Alongside the ubiquity of smart devices, there are an increasing number of AI tools and data-modelling techniques for inferring emotion and intent from human speech. Moving forward, AI is likely to shift more in the direction of AEI – Artificial Emotional Intelligence – learning to detect nuance in human emotions. The affective (emotional) computing market is expected to grow to $41 billion by 2022, highlighting a transition towards a more personal approach to technological interactions with consumers.

  • Digital money

Cash has been on the way out for a while and I don’t know when I last saw someone write a cheque. There are now increasing options for consumers to make digital payments from EFTs to scanning QR codes, from bank transfers and cell phones to online credit or debit card payments. Mordor Intelligence predicts that the global market value of mobile payments will rise from $1.1 billion in 2019 to $4.7 billion in 2025. However, while digital money offers a world of convenience, it also poses a threat when it comes to cybersecurity. It is more important now than ever before for businesses to ensure that they are as secure as they can possibly be online.

  • Cloud-first strategies

Businesses are increasingly migrating their data to the cloud. Following a cloud-first strategy means evaluating the stability of cloud computing to address emerging business requirements before considering other alternatives. Dell has found that companies that invest in big data, cloud, mobility, and security have a revenue growth up to 53% faster than their competitors. Moving to the cloud entails less hardware, less in-house maintenance, increased mobility, and better overall data security.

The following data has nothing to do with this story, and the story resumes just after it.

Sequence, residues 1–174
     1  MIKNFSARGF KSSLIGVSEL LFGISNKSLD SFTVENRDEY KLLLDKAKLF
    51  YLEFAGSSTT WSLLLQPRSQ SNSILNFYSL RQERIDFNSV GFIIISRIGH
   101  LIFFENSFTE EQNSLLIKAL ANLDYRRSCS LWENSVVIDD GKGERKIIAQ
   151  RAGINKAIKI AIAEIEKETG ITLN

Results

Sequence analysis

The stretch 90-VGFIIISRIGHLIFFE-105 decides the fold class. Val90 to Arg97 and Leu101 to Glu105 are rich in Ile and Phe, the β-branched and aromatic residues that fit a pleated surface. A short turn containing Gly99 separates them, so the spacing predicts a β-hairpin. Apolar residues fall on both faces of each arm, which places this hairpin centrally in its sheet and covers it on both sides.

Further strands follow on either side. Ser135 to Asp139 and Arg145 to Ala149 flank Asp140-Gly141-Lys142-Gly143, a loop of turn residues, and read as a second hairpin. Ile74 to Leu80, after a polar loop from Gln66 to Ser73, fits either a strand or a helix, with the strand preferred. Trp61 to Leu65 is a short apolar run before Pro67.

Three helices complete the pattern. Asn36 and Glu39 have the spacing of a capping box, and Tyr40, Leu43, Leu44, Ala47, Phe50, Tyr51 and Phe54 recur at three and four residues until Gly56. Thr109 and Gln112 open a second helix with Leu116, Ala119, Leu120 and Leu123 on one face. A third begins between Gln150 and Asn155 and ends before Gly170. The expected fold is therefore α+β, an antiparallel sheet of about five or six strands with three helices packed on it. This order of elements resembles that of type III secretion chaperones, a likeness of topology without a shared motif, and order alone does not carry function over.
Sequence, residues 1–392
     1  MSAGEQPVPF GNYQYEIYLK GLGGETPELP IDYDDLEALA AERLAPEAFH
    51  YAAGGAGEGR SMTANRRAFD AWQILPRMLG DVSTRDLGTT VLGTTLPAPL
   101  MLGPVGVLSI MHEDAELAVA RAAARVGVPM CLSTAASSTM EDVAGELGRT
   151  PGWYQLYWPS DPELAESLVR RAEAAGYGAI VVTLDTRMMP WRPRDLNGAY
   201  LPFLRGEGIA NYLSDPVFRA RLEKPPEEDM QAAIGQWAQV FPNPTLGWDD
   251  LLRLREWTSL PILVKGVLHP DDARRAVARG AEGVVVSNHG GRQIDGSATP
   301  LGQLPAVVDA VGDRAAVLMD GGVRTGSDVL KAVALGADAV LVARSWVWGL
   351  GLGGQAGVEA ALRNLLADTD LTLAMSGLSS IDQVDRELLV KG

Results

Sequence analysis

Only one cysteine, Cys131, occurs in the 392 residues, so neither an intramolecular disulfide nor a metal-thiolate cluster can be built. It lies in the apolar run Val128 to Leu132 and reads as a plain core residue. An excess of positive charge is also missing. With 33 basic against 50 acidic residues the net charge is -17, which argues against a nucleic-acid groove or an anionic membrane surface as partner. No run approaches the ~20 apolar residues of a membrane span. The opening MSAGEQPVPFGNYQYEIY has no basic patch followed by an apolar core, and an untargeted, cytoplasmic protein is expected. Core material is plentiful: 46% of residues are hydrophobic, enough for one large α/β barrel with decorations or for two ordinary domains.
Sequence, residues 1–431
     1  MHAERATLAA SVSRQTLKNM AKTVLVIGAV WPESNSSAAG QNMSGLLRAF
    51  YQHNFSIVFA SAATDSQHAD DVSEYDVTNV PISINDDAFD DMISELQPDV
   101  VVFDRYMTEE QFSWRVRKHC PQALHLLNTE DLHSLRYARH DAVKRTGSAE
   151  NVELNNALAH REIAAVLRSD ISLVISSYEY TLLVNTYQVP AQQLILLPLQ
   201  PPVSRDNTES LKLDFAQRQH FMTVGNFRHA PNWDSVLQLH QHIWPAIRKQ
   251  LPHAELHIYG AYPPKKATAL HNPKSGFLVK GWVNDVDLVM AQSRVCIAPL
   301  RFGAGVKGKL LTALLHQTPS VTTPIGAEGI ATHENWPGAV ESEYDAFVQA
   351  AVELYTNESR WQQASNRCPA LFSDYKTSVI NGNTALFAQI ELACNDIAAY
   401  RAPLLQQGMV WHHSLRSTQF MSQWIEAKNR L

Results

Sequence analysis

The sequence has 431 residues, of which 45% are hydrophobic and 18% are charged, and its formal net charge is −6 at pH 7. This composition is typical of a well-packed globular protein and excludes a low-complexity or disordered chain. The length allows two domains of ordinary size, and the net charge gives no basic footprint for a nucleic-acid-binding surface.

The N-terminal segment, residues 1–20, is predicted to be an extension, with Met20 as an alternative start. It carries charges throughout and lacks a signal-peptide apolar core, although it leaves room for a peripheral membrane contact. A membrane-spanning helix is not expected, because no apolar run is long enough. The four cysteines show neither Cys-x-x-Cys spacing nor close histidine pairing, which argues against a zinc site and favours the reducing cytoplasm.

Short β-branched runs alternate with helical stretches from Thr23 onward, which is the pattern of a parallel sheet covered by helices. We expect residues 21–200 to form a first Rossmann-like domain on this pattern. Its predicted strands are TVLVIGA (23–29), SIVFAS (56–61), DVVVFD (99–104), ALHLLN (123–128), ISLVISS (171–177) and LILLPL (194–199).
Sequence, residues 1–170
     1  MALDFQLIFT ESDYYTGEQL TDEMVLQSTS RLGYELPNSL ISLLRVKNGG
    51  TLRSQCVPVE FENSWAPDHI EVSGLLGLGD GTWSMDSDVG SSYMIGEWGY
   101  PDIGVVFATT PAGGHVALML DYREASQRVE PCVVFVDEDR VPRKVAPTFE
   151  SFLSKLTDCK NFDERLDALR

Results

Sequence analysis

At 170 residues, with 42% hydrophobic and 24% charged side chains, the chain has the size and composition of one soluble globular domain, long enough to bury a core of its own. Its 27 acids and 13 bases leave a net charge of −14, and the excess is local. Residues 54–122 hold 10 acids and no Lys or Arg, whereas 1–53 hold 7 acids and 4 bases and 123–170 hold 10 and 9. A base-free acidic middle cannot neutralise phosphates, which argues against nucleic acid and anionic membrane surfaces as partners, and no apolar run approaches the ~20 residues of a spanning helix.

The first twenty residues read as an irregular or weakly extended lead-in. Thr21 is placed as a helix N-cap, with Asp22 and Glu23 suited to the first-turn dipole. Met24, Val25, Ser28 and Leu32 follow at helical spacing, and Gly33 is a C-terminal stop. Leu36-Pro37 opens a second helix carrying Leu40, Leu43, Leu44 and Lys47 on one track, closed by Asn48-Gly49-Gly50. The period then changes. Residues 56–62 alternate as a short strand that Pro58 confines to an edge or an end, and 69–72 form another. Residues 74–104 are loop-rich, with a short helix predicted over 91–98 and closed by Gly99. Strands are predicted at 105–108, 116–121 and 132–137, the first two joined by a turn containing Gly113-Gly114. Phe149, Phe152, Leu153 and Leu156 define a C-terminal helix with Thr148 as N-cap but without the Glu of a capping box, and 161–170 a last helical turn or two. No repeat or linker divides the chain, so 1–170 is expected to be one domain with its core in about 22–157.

• “Buy” buttons

With the advent of lockdowns and stay-at-home orders, one of the most frequently used phrases of 2020 was “add to cart”. Online stores have always tried their best to emulate real-life stores, from having shopping carts to asking if you’re ready to “checkout”. However, the latest thing on these stores today is a button which enables you to bypass this traditional route and go straight to paying without you having to enter your address and other payment information.

Buy buttons, or “Buy Now” buttons (as you see on Amazon), enable you to live out your most spontaneous shopping dreams and order something instantly. Sites that use buy buttons save all your important payment and shipping information and help you bypass any promotions that might lead you to impulsively buy the pair of socks that are “frequently bought with” the pyjamas you are after. However, on the flip side, they also remove the opportunity for you to rethink your pending purchase.

  • DOP replacing ERP